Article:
Grace & Peace,
Collection for Flood Victims

Remember, this Sunday we will be collecting items for flood victims in Wimberley. A friend of CitC will be traveling there next Friday, June 5, to hand deliver the donations. We’re collecting clothes, toys, non-perishable food, gift cards to grocery stores/Wal-Mart, and other items to help people get back on their feet.

The Strangeness of Church

// May 23rd, 2015 // No Comments » // Church in The Cliff

Last Sunday we celebrated Jesus’ ascension into heaven.  It’s a typically Lukan scene of strangeness, a man being carried up into the sky until he disappears into the clouds.  Things get weirder this week.  It’s Pentecost.

You’re probably familiar with the story.  Jesus’ followers are hanging out, trying to figure out their next move when, suddenly, a wind starts blowing from inside the house.  Little flames jump around and light on their heads.  They speak in languages they have never known.  Everyone is astonished.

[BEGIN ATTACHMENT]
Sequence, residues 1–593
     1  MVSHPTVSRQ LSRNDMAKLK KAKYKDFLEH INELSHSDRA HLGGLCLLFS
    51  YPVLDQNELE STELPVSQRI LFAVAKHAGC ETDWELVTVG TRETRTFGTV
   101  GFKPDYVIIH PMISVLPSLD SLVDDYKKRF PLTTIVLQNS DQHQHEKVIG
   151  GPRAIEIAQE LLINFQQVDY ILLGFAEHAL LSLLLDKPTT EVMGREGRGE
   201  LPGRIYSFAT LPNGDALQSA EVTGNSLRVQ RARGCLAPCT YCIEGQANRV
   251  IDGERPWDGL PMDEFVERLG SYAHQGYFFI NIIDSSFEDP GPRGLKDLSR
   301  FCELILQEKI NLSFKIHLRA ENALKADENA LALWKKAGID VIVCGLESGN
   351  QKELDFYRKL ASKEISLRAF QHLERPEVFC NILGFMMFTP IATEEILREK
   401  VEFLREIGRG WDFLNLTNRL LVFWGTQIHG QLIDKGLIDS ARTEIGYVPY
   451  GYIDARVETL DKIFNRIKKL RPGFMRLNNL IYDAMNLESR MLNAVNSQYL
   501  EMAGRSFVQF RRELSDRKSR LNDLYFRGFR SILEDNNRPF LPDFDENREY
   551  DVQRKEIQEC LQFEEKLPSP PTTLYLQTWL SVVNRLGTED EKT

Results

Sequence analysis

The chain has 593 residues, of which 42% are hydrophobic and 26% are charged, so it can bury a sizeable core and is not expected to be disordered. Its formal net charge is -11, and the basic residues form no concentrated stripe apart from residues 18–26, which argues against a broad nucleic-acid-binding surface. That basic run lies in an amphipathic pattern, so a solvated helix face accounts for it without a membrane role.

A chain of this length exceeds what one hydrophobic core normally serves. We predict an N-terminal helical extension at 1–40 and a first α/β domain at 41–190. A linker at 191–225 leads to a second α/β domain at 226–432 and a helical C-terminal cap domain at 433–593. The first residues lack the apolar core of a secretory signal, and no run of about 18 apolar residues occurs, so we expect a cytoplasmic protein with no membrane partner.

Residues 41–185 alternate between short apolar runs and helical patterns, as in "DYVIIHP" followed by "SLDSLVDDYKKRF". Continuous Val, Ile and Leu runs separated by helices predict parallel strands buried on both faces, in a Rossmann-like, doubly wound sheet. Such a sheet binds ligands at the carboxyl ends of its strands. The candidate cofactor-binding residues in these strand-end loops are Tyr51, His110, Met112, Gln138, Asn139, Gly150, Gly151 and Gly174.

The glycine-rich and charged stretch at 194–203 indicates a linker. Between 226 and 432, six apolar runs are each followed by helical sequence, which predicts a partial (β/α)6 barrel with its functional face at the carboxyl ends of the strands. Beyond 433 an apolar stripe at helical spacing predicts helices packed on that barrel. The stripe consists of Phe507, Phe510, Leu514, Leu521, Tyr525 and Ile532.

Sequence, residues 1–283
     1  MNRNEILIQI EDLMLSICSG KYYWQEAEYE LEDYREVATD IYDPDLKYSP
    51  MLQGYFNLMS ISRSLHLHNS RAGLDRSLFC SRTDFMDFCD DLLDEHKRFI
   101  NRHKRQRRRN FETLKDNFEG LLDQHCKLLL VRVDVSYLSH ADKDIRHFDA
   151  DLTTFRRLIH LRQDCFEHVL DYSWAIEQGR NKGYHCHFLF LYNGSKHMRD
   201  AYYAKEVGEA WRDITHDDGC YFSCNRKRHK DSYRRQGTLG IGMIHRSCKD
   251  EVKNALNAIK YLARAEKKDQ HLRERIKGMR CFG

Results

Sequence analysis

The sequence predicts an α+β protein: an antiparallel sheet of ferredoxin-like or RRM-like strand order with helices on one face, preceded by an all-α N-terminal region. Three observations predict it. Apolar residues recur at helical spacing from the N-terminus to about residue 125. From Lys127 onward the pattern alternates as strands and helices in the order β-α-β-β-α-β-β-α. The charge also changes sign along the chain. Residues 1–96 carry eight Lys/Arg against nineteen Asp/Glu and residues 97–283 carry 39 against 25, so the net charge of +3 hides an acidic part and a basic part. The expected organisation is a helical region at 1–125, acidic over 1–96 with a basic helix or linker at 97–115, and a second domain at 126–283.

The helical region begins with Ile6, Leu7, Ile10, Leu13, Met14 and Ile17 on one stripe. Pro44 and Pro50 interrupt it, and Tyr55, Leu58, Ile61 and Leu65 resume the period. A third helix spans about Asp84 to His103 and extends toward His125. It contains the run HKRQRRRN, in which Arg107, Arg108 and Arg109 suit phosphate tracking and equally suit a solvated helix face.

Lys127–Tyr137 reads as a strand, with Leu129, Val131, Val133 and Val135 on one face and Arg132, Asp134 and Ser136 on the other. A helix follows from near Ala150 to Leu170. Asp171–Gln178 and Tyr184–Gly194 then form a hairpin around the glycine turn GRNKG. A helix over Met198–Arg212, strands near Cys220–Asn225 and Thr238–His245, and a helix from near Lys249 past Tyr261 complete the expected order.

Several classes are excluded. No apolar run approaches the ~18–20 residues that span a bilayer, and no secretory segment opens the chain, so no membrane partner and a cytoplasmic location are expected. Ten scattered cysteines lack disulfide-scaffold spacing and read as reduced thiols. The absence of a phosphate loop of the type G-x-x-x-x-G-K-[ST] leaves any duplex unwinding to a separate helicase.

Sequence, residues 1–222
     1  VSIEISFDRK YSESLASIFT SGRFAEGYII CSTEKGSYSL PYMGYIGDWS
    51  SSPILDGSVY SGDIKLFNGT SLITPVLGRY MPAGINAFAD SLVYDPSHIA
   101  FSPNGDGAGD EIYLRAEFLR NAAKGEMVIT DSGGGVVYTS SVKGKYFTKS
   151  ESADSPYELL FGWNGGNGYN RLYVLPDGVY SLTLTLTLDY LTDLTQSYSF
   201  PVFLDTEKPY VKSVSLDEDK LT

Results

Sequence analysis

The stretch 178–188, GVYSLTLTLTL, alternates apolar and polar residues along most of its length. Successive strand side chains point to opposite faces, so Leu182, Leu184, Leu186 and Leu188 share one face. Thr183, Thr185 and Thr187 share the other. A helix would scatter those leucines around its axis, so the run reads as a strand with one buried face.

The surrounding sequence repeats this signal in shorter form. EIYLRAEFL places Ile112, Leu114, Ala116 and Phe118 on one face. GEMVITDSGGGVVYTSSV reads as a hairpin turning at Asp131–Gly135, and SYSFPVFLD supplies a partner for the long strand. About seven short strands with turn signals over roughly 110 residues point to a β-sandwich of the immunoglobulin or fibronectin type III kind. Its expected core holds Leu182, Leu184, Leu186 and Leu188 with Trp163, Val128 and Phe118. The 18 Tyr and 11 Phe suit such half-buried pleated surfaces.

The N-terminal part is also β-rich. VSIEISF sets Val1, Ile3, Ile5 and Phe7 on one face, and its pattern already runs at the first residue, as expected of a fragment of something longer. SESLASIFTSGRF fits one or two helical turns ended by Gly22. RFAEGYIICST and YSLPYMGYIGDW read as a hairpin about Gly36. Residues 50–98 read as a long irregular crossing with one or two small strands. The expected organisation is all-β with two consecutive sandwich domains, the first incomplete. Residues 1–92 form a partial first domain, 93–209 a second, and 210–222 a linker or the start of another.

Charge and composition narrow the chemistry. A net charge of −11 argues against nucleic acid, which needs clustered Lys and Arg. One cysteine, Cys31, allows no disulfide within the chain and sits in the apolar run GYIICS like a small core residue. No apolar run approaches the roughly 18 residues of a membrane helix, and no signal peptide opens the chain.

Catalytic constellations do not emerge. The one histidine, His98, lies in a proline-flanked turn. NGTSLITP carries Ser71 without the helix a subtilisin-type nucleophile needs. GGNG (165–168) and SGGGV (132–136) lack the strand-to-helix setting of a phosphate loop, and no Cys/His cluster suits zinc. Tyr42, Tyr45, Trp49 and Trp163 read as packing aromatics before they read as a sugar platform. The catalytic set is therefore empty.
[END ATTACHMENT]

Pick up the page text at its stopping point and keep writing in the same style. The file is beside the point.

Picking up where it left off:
Maybe we’re too familiar with the story.  Maybe we dismiss it because we see it as “mere” myth.  Taken as literal-factual truth, it defies understanding just as it did for the people in Jerusalem.  But imagine it as a summer blockbuster in the hands of Peter Jackson and it becomes something else.  Movies have become the mythos of our culture.  It’s why we quote movie scenes to one another in routine conversation.  They become the language and imagery of our lives.  They say something about who we imagine ourselves to be.  Luke and Acts were for the Early Church that defining mythos.  They tell the Church who it hopes to be.

In that strange and fantastic moment, the Church was born.  Yet, we have lost that sense of strangeness.  Church is, for many, for all of us at some point, an abstraction, a habit, a duty, a chore, a culture.  Too often, for too many, it is the defender of the norm.  It is rarely a radically transformational moment of magic and mystery.